Targets are used by terminal commands...
$ moon run designSystem:build
And configurations for declaring cross-project or cross-task dependencies.
These scopes are available for both running targets and configuring them.
The most common scope is the project scope, which requires the name of a project, as defined in
.moon/workspace.yml. When paired with a task name, it will run a specific
task from that project.
# Run `lint` in project `app`
$ moon run app:lint
Another way to target projects is with the tag scope, which requires the name of a tag prefixed with
#, and will run a specific task in all projects with that tag.
# Run `lint` in projects with the tag `frontend`
$ moon run '#frontend:lint'
# is a special character in the terminal (is considered a comment), you'll need to wrap
the target in quotes, or escape it like so
These scopes are only available on the command line when running targets.
For situations where you want to run a specific target in all projects, for example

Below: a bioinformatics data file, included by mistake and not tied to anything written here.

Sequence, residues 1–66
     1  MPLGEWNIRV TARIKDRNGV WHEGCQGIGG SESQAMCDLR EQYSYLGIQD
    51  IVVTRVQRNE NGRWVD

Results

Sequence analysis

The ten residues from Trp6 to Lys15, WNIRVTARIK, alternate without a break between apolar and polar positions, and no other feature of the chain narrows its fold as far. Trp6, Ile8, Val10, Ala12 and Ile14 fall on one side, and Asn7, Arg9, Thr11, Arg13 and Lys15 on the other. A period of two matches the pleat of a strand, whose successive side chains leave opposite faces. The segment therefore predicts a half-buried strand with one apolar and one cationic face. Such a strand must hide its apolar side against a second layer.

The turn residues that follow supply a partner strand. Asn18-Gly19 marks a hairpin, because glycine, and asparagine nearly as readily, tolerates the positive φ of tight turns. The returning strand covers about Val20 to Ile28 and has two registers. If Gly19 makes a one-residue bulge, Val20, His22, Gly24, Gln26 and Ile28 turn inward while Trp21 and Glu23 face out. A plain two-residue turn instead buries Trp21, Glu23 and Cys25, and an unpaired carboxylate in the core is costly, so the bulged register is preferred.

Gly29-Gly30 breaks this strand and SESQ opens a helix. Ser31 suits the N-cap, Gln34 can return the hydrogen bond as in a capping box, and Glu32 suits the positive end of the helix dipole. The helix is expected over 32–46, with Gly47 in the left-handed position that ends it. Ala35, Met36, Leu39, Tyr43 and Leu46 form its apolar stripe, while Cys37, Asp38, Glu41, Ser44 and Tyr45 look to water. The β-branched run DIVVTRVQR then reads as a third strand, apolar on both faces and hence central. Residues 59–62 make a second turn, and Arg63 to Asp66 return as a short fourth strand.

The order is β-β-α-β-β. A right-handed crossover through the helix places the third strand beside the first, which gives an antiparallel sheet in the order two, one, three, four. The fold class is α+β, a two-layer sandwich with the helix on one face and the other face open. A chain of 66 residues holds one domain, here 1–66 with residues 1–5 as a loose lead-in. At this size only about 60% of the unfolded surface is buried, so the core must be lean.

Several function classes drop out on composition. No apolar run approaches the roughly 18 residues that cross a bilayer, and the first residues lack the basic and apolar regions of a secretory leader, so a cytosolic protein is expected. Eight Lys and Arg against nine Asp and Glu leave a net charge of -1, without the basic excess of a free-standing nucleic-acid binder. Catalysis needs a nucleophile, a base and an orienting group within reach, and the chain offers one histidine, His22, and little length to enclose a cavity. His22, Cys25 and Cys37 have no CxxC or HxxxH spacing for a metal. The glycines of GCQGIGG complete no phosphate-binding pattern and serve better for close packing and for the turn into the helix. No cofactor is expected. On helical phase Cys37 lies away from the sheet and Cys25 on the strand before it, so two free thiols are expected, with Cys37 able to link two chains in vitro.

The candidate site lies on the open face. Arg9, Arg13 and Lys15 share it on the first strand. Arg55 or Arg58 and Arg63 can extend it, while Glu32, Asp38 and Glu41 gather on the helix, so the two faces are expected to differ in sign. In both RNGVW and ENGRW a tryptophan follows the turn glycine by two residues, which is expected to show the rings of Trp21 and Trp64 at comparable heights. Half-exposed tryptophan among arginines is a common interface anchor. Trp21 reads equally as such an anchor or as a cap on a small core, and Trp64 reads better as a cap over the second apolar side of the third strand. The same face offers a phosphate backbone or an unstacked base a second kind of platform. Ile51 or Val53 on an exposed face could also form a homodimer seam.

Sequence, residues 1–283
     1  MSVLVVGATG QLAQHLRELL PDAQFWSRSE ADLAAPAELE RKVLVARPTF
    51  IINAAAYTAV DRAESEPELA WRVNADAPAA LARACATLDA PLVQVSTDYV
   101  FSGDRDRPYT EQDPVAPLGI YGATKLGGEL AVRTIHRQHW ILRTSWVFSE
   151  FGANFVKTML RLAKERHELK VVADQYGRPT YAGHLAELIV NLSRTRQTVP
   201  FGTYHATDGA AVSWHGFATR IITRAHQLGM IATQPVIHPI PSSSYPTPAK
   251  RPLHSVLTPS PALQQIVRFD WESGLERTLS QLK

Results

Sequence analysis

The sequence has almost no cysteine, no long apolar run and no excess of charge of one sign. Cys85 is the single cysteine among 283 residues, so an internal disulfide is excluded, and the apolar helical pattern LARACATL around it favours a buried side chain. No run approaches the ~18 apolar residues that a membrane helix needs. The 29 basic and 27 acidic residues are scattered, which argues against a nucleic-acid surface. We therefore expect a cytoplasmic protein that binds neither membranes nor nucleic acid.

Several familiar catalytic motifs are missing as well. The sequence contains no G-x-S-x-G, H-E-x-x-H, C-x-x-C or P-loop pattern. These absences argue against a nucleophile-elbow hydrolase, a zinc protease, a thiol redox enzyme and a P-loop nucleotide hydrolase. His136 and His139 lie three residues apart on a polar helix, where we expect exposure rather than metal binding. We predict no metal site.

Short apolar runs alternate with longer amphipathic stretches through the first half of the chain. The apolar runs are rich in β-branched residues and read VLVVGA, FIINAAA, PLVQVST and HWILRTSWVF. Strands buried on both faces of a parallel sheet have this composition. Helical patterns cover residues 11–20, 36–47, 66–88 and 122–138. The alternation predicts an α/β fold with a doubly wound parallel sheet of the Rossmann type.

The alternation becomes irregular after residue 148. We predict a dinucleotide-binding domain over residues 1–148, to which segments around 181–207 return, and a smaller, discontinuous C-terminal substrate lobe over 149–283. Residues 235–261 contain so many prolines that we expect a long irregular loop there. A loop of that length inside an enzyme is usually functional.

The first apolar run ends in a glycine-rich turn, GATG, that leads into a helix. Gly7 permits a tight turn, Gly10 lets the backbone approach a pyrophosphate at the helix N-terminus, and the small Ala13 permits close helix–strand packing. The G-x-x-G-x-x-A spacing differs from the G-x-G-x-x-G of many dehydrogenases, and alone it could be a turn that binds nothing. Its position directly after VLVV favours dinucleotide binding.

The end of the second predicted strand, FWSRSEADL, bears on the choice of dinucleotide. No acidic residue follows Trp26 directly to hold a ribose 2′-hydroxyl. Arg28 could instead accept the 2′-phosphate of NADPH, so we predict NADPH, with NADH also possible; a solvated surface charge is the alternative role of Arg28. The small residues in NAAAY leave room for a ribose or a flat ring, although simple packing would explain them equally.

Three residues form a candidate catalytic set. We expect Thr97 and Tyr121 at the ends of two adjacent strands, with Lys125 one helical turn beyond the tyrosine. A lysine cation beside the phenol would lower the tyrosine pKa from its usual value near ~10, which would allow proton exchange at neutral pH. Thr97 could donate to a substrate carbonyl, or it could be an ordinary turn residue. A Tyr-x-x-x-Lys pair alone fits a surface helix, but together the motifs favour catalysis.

can utilize the all projects scope by omitting the project name from the target:
# Run `lint` in all projects
$ moon run :lint
These scopes are only available when configuring a task.
When you want to include a reference for each project that's depended on,
you can utilize the
^ scope. This will be expanded to all depended on projects. If you do not
want all projects, then you'll need to explicitly define them.
# Configured as
# Resolves to
When referring to another task within the current project, you can utilize the
~ scope, or emit
~: prefix altogether, which will be expanded to the current project's name. This is useful for
situations where the name is unknown, for example, when configuring
.moon/tasks.yml, or if you just want a shortcut!
# Configured as
# Resolves to (assuming project is "foo")